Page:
# Is this class of series all demonstrably transcendental?

Question:

For a vector with integer entries $[a_0, a_1, \dots, a_{k-1}]$ is it true that when $\sum_{n=1}^\infty{\frac{a_{n-1 \mod k}}{n}}$ is not divergent it limits to some transcendental number or zero?

Musings:

I will adopt something like the notation of this post. We might call these Weinberger series. Err... I dunno we might call them something else. Let $\vec{v}=[a_0, a_1, \dots a_k]$ be a vector with integer entries.

$\sum{\vec{v}}=[\overline{a_0,a_1, \dots, a_{k-1}}]=\sum_{n=1}^\infty{\frac{a_{n-1 \mod k}}{n}}$. I should say that I suspect that when the sum of entries of $\vec{v}$ is not zero we have that $\sum{\vec{v}}$ is divergent. All the following have that property that the sum of entries is zero (This makes the 4th entry not ambiguous).

Let me show you a few! In this notation:

$\begin{array}{lclr} \\ \frac{\pi\sqrt{2}}{4} & = & [\overline{1,0,1,0,-1,0,-1,0}] & \text{Why [1]} \\ \frac{\pi\sqrt{3}}{9} & = & [\overline{1,-1,0}] & \text{Don't [2]} \\ \frac{\pi\sqrt{7}}{7} & = & [\overline{1,-1,-1,1,-1,1,0}] & \text{Hyperlinks [3]} \\ \ln{k} & = & [\overline{1,1,\dots,1, 1-k}] & \text{Work[4]} \\ \frac{\sqrt{3}\pi+3\ln\left(2\right)}{9} & = & [\overline{1,0,0,-1,0,0}] & \text{In [5]} \\ \frac{\pi+2\coth^{-1}\left(\sqrt{2}\right)}{4\sqrt{2}} & = & [\overline{1,0,0,0,-1,0,0,0}] & \text{Arrays [6]} \end{array}$

Why 1 don't 2 hyperlinks 3 work 4 in 5 arrays 6?

I suspect that these are all transcendental when they are not $0$ or $\infty$. In fact! I am hoping to be able to say that they all fit neatly into some class. They all look to be $\alpha \pi+ \beta\ln(\gamma)+\delta$ for some algebraic constants $\alpha, \beta, \gamma, \delta$. But I would settle for just seeing that the guys need to be transcendental (or some clever counterexample that I am missing.) I suspect that their periodic nature should give rise to a demonstration that these are not algebraic numbers.

How can I do that?

Let me defend my use of $\vec{v}$. One should only use this notation if they are vectors is some sense. And they are. Note that we can define a type of scalar multiplication with the rationals so that

$$\frac{3}{5}\ln(2)= \frac{3}{5} [\overline{1, -1}] = [\overline{0,0,0,0,3,0,0,0,0,-3}]$$

This is really not me saying much more than

$$\frac{3}{5}\sum_{n=1}^\infty{\frac{(-1)^{n+1}}{n}}=\sum_{n=1}^\infty\frac{3(-1)^{n+1}}{5n}$$

We have all the properties that one desires of a vector space: These values are closed under addition and have a type of multiplication with rational numbers. It leaves me wondering what the right type basis should be for this type of exploration.

• I haven't worked through the proof but theorem 1 of this implies the claim. Commented Jul 5, 2022 at 22:14

Your claim seems to be essentially equivalent to the statement that the numbers $\Psi(i/k)+\gamma$ for $i=1\ldots k-1$ and their nonzero linear combinations over the rationals are transcendental. I suspect this is true, but I don't know if it can be proven.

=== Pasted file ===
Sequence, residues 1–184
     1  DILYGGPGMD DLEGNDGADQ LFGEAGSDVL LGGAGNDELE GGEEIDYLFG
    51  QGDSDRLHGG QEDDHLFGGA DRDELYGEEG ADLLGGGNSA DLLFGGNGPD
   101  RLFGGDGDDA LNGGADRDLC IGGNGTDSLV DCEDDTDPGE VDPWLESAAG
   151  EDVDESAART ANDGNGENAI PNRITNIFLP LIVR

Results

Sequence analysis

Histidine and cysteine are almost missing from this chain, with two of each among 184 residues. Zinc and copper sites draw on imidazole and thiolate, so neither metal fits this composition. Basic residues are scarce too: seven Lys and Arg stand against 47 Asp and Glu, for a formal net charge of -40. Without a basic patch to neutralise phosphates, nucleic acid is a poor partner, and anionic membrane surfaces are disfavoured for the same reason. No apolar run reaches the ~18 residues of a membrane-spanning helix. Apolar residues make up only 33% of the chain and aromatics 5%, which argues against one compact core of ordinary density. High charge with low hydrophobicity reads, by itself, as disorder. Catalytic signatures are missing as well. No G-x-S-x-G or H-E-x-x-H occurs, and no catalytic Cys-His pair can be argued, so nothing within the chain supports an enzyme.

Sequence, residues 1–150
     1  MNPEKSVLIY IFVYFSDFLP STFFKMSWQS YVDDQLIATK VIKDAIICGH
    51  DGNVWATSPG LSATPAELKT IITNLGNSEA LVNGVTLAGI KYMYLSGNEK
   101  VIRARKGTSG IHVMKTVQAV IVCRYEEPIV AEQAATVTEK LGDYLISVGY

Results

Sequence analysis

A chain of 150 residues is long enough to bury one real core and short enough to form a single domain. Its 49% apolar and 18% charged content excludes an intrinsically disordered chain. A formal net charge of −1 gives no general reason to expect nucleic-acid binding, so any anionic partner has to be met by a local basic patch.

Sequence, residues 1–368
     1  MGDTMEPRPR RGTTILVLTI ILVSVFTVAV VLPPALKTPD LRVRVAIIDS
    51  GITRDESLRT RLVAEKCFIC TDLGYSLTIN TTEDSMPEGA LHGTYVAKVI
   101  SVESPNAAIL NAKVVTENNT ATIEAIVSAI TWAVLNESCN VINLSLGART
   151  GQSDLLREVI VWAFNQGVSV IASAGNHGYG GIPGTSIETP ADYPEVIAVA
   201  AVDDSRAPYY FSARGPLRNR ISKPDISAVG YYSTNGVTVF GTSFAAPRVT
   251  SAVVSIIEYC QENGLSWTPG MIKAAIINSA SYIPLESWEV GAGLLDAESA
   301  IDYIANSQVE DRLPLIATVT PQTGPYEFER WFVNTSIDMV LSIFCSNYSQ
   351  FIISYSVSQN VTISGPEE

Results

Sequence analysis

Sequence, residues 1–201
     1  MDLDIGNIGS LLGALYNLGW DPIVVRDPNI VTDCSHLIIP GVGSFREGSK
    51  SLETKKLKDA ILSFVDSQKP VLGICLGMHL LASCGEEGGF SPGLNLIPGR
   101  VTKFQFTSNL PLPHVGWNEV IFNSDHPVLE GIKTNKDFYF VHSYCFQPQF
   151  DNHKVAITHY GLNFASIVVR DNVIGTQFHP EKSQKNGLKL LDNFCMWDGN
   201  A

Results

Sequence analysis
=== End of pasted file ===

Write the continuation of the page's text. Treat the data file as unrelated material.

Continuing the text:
EDIT:
Gauss's digamma theorem gives a formula for $\Psi \left(i/k\right) +\gamma$ with transcendental terms. However, I suspect that proving that the result is transcendental is beyond the current state of the art. Perhaps it is implied by Schanuel's conjecture.

• Is this because we can use this digamma function in a type of construction of a basis for these guys? I was thinking that this might be the case after looking at the Lerch Transcendental but couldn't sort through all the details. Commented Jul 13, 2018 at 19:26
• In effort to pin down the relationship precisely: It looks like $\sum [a_0,a_1,\dots a_{k-1}] =-\frac{1}{k}\sum_{n=1}^k{a_{n-1}\Psi(\frac{n}{k})}$ Whenever the lefthandside converges. Commented Jul 15, 2018 at 3:34
• Which means we can use the mathematica code: a={1 ,0,0,-1,0}, Sum[(-1/Length[a])a[[n]]*PolyGamma[0,n/Length[a] ],{n,1,Length[a] }] to evaluate these guys. Commented Jul 15, 2018 at 3:51
• Also this seems pretty pointed related: sciencedirect.com/science/article/pii/S0022314X06002927 Commented Jul 15, 2018 at 3:53
• In fact... my statement might just be the same as their conjecture 6. Commented Jul 15, 2018 at 4:05

Extended comment:

Here is a way to "move the problem." After some elementary manipulation:

$$[a_0, a_1, \dots, a_{k-1}]=\sum_{n=1}^\infty{\frac{a_{n-1 \mod k}}{n}}=\int_{0}^1\frac{a_0x^0+a_1x+a_2x^2 +\dots+a_{k-1}x^{k-1}}{1-x^k}$$

Perhaps we can show that the righthand side is transcendental.

• Also... $$\gamma\sum_{n=1}^\infty{\frac{a_n}{n}}=\int_0^\infty \bigg( \sum_{n=1}^\infty a_ne^{-x^n} \bigg) \frac{dx}{x}$$ Commented Jan 24, 2020 at 18:43

In this paper it shown that this is the case that the sum is transcendental for all prime $k$.

Notes:

Somethings to be followed upon:

1) This post can be improved by finding out what happens for non prime $k$

2) The natural generalization of this:

For a whole number $s$ and vector with integer entries $[a_0, a_1, \dots, a_{k-1}]$ is it true that when $\sum_{n=1}^\infty{\frac{a_{n-1 \mod k}}{n^s}}$ is not divergent it limits to some transcendental number or zero? It looks to me like this is generally still undecided as Catalan's constant's algebraicity seems to undetermined (Infact we don't know if it's irrational or not).

$\sum_{n=1}^\infty\frac{a_n}{n} \in \mathbb{Q} \cup\mathbb{T}$.